3. Joe says:

    Software disenchatment. I thought it was a case of with more power, the devs slack off on optimisation. They either let their programs bloat, or leave that part until the end of the project when they’re tired and end up doing a half-arsed job.

    That Microsoft Flight Simulator is interesting. I wonder if the generated version of my fair city, Fremantle, Western Australia, will make any more sense. I know what the map says, and I know what my feet say. They differ on several points, and I have more faith in my feet. If you want to put a few screengrabs up, I’d love to see them.

    1. Echo Tango says:

      I wouldn’t say that slacker devs are to blame. Sure, there’s some slackers out there, but in a well-run organization (or even partly well-run), they will either start putting in effort, or will get fired. From what I’ve witnessed, a large part of slowness (or bugs for that matter), come from rushing, deadlines, and trying to build new software that was already sold as done and finished. I’m sure that part of it is also that devs who make software for other devs also face the same pressures, to rush, and to not fix bugs, rewrite slow parts, etc. All the IDEs from Jetbrains share the same underlying slowness. Visual Studio Code is faster, but only because it’s got a quarter of the features by default. A sizable portion of the Tonsky blog iterates the same kind of problems.

      1. Joe says:

        Yeah, that was part of my second point, leaving it until the end when they were both burned out and under pressure to ship. Which is why optimisation should start early in the process. No leaving things until the last minute. I should absolutely follow my own advice, but I won’t.

  4. Chris says:

    I would love a hardcover mass effect book.

    Just imagine, its book club and this evening its at your house. People talk about their favorite books and everyone nods. Then its your turn, you walk to your massive bookcase, run your finger over the backs of books, and stop at mass effect retrospective, by shamus young. You take it back to your armchair and open it halfway. You start reading aloud “Sorry to butt in Shepard, but I’m really falling behind the rear admiral and it’s bumming me out. I need to ass you for help before I get canned. Butts.”. Sophie starts weeping, such beautiful prose. Now you have only one problem,. who will you lend it out to first?

    1. Syal says:

      A brilliant book, from a Hugo-nominated author.

  5. Dreadjaws says:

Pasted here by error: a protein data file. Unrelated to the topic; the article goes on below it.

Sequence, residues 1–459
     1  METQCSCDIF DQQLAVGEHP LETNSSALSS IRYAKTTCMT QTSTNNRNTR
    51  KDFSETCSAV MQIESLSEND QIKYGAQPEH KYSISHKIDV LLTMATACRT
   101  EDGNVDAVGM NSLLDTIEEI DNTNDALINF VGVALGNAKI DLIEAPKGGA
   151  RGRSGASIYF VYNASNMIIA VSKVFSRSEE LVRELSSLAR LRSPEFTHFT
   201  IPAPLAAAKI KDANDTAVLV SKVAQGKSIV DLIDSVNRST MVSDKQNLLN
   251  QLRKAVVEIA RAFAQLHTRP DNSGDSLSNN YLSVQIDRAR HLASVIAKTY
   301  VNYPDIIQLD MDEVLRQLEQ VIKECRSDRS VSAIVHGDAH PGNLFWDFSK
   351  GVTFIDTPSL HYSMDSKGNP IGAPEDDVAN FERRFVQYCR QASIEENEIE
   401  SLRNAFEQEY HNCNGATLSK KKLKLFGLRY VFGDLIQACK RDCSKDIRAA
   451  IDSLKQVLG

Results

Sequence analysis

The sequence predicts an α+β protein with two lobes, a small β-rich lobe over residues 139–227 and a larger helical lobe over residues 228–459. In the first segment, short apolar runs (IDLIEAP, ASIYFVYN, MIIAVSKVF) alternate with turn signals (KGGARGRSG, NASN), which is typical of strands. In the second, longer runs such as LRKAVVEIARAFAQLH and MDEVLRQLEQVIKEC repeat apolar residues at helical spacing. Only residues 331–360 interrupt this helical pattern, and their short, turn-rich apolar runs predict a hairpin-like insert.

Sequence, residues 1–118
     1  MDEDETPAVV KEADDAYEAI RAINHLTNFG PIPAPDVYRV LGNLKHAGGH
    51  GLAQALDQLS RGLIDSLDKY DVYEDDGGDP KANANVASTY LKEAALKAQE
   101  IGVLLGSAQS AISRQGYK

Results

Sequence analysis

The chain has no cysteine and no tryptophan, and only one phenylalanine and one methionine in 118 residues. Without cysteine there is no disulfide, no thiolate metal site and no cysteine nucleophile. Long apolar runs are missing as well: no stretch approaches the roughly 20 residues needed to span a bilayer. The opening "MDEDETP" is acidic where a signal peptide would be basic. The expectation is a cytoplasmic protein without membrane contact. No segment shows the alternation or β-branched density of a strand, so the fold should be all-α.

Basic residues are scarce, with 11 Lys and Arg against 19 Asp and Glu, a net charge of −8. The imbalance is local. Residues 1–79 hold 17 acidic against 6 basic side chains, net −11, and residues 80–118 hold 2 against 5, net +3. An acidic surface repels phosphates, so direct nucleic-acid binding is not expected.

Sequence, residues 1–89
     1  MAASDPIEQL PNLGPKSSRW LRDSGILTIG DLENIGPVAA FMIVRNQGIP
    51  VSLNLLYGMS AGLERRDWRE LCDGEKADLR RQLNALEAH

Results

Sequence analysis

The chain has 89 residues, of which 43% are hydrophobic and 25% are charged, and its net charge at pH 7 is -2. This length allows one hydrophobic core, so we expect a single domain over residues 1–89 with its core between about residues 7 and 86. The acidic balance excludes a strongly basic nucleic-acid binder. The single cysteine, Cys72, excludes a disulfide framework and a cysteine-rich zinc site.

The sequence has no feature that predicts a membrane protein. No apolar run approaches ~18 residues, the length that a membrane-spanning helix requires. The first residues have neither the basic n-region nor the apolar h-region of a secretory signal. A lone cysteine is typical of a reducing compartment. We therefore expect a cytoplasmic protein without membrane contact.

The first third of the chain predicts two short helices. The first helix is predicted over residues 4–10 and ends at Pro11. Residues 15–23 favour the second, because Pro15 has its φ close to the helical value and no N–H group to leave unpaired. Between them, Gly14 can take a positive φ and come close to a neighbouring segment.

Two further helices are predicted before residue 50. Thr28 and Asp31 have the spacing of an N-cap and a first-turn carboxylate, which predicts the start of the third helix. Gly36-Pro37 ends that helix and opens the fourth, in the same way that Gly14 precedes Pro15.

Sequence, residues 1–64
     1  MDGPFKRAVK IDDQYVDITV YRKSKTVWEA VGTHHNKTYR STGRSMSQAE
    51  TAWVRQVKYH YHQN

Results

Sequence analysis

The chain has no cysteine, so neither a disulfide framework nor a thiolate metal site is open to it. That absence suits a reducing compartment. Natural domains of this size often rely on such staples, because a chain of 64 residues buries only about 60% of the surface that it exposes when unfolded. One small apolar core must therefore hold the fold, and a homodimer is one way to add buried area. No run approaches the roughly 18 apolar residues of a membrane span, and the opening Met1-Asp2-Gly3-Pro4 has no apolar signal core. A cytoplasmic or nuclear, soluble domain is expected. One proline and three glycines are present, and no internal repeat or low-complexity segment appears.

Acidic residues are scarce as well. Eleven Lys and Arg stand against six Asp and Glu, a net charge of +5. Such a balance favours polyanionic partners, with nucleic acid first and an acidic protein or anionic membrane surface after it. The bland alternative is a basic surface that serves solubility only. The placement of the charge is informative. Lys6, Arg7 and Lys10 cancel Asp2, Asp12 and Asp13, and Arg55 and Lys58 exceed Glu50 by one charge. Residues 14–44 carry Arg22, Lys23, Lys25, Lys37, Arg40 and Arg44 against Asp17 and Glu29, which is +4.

The latest Fire Emblem games include a more “casual” difficulty level, with as fair a challenge as in normal, but without permadeath. This makes the game more approachable for someone who’s not ready to lose characters.

    And trust me, you’ll develop more emotional bonds with these characters than with characters in many other games. You can make your friends and soldiers marry each other and have kids, which later will join the battlefield. And the relationships you help forge are not set in stone, which means you can have characters bond and marry entirely different people in other playthroughs. And one of those people who die? Might be your spouse. Or your son. Good luck not feeling like crap once you spend hours building a relationship, marrying, having a kid, raising him and then having him die while fighting an enemy army.

    Also, yeah, I’m one of those who wants a physical printed version of the full Mass Effect Retrospective, Andromeda included. If possible, signed and dedicated “To a fellow Mass Effect lovehater”. Take notes, please.

    1. ccesarano says:

      Keep in mind I didn’t jump into the franchise until Awakening, but I’d say the attachment to the characters is really going to vary based on what people are looking for in stories. In Fates in particular, the characters were incredibly trope-reliant to appeal to fan-tastes, a sort of “Pick your Husbando/Waifu” style of approach that left most of its characters rather forgettable. Having played some of Sacred Stones, I can tell this wasn’t always the case.

      I think the recent Three Houses is the best in a long time in actually getting you attached to these characters, in that their side-stories and interactions [i]include world-building[/i]. I think what makes Three Houses as good as it is, is the extent to which they developed the setting’s history and how each of these noble houses have their own backstories that intertwine.

      Which, yeah, makes the idea of permadeath pretty harrowing there.

      However, by Three Houses we now have the ability to set the game so units revive after that battle, so units revive within that very turn, and you now have the turnwheel so that you can rewind several turns to try and undo a bunch of turns that went south real fast.

      Even with all those things included, it’s actually surprisingly “easy” for experienced Tactical RPG players. It is the only Fire Emblem game I finished where I didn’t lose a single unit in the final battle (of the Blue Lions campaign, though).

      Which brings me to something else: I dunno if it was always the case, but not all characters “die”, even if you lose them. Some that are story-important are just injured to a point of retirement, though there are other units that simply up and quit or something. So it reduces some of its impact when you hit the end credits and, no, the character didn’t die, they just retired and stuck around a while.

      1. Retsam says:

        Which brings me to something else: I dunno if it was always the case, but not all characters “die”, even if you lose them